Rep. Josh Gottheimer rolled out new bipartisan legislation—The Invest in Law Enforcement Act—in Dumont Jan. 10 designed to help local police departments across the country.
“Cutting to the bone only weakens any profession; it pushes good people out, it diminishes the overall quality, and fuels a race to the bottom. That’s especially true in law enforcement,” said Gottheimer. “(The bill) sends an important message: we want our police officers to feel supported, especially when they are struggling with the realities of their profession. We want them to know that we have their backs and that they are appreciated for the job they do.”
The proposed law, targeting investments that would bolster access to resources and training for police officers in North Jersey and nationwide, has the backing from police organization such as the Fraternal Order of Police, the National Troopers Coalition, and the New Jersey State Troopers Fraternal Association.
Four Provisions in the Bill
The bill focus on four main areas of investment, starting with officer safety, de-escalation, and domestic violence response training. Funding would allow for education on these topics while offsetting overtime pay needed for the training.
Federal monies would be allocated for body worn cameras as well as subsidizing data storage and security efforts for the technology.
Additionally, grant money would be provided for small departments to recruit new officers, and provide funding for retention bonuses to help departments from losing too many members. Finally, the bill would provide resources for officers’ mental health.
“The only way to make a department better is to invest wisely, in training and tools, in recruiting and retaining the best talent, and ensuring they can be involved in the community. That’s how you keep families safe. In short, when it comes to law enforcement, you need to invest to protect,” said the Congressman.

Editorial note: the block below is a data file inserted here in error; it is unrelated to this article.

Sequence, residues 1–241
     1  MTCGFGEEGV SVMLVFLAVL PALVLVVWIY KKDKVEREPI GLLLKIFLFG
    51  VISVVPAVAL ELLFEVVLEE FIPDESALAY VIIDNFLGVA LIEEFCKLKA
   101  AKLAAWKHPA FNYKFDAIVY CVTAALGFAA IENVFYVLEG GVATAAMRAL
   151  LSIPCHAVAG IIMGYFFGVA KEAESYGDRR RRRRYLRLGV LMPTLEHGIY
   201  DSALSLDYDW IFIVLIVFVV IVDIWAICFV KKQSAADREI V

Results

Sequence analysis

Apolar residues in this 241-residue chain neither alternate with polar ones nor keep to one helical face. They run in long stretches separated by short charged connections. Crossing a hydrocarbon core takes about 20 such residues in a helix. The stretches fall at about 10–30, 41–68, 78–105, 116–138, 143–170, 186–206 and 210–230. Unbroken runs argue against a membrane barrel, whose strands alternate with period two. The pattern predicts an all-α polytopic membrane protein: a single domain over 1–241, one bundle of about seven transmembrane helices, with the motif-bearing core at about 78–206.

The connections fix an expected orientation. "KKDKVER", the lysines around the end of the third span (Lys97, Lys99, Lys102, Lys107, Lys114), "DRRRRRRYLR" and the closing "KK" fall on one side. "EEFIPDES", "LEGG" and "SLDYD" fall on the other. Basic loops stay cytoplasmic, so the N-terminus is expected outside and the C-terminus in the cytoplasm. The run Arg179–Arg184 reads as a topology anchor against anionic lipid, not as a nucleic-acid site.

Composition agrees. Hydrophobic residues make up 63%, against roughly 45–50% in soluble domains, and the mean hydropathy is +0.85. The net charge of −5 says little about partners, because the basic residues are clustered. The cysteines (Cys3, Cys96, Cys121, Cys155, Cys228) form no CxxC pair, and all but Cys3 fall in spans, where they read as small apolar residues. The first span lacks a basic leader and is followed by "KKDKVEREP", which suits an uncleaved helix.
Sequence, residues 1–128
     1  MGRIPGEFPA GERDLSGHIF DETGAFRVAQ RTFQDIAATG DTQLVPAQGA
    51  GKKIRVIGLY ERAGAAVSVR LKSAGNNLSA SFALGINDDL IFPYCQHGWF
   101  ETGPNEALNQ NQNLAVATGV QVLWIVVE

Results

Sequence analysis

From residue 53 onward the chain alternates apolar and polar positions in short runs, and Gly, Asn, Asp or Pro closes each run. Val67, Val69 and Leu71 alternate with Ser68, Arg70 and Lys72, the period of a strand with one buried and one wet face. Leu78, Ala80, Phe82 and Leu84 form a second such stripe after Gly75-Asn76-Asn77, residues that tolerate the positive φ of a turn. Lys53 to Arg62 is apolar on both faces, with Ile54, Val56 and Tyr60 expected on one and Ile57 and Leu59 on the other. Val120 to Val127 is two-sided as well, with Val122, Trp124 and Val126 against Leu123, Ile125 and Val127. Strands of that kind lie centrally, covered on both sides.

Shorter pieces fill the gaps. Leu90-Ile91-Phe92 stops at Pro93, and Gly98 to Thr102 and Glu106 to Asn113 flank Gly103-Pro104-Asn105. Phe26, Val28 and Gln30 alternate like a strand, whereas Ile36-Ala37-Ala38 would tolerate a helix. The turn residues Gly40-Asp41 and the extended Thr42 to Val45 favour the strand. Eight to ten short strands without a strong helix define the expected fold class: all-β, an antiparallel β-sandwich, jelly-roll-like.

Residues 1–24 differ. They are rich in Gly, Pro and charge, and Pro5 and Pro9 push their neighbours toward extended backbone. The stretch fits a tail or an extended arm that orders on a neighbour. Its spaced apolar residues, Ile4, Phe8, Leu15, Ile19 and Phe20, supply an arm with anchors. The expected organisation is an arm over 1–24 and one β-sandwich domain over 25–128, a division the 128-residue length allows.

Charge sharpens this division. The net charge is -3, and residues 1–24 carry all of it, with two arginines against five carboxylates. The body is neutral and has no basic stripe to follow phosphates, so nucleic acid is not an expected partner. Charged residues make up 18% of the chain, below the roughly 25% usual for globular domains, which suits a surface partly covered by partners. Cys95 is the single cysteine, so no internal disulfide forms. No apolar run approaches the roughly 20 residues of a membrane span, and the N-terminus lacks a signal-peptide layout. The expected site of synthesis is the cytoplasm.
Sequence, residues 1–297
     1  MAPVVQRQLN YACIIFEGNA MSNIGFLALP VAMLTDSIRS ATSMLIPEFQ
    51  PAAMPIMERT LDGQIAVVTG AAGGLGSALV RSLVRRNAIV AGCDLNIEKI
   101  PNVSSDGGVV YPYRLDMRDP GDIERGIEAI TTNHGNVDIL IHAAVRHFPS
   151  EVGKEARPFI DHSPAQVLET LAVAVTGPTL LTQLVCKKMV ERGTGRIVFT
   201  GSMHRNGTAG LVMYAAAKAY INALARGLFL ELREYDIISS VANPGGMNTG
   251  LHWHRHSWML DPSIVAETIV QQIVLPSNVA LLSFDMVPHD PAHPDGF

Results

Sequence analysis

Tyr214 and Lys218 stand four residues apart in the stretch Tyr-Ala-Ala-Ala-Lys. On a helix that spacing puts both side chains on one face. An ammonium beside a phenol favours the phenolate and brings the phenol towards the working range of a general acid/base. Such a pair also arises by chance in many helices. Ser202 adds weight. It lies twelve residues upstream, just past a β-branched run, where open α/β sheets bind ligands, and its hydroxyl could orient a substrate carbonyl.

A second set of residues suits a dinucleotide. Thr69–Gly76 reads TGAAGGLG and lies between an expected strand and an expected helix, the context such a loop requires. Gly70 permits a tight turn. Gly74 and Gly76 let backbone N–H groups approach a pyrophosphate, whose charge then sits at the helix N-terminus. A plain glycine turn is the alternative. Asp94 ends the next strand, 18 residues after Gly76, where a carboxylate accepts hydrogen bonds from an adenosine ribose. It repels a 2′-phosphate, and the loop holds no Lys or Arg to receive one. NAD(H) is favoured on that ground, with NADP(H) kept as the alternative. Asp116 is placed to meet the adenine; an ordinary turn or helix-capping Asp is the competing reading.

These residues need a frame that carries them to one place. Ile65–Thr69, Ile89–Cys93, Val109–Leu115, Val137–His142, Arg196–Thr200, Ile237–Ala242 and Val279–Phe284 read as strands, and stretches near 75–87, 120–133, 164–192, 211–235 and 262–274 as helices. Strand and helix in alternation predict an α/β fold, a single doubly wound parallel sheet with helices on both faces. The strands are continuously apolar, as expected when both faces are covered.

Justice and Public Safety
Gottheimer, who is sponsoring the bill with former sheriff Rep. John Rutherford (R-FL), cited comments of New York City’s Mayor and former Police Captain Eric Adams, who recently stated that “I don’t subscribe to the belief of some that we can only have justice and not public safety. We will have them both” in explaining the need for the legislation.
“Adams is exactly right — we can and we will have both…(to) help ensure a safer, more just community,” said Gottheimer. “This legislation will provide critical financial support for recruitment, training, and mental health.”
The bill was praised by local, state and national police organizations and politicians.
Backing for Better Policing
“Congressman Gottheimer is in the forefront of ensuring the law enforcement community has the necessary funding to provide access to the newest technology, educational and training opportunities,” said Bergen County Sheriff Anthony Cureton. “Law enforcement is constantly evolving and the legislation for funding, outlined in the Congressman’s bill, is essential to better policing.”
Dumont Mayor Andrew LaBruno, a vice president of the Jersey City Police Superior Officers Association, added “investing in law enforcement is crucial to public safety” and that the bill “will assist municipalities with funding for police officer recruitment, retention, education, training, and equipment.”
Patrick Yoes, National President of the Fraternal Order of Police, offered that the programs to be funded in the bill would help law enforcement officers that have faced many challenges and threats to their well-being that has created a dangerous environment for police.
“These challenges have ranged from violence against officers, an increase of violent rhetoric against them, lagging technology, recruitment and retention issues, and mental health concerns—particularly, smaller municipalities have seen an increased strain on the men and women in blue as they attempt to uphold the rule of law,” said Yoes. “The Invest in Law Enforcement Act would be a step in the right direction to combat these issues that plague law enforcement officers in smaller municipalities.”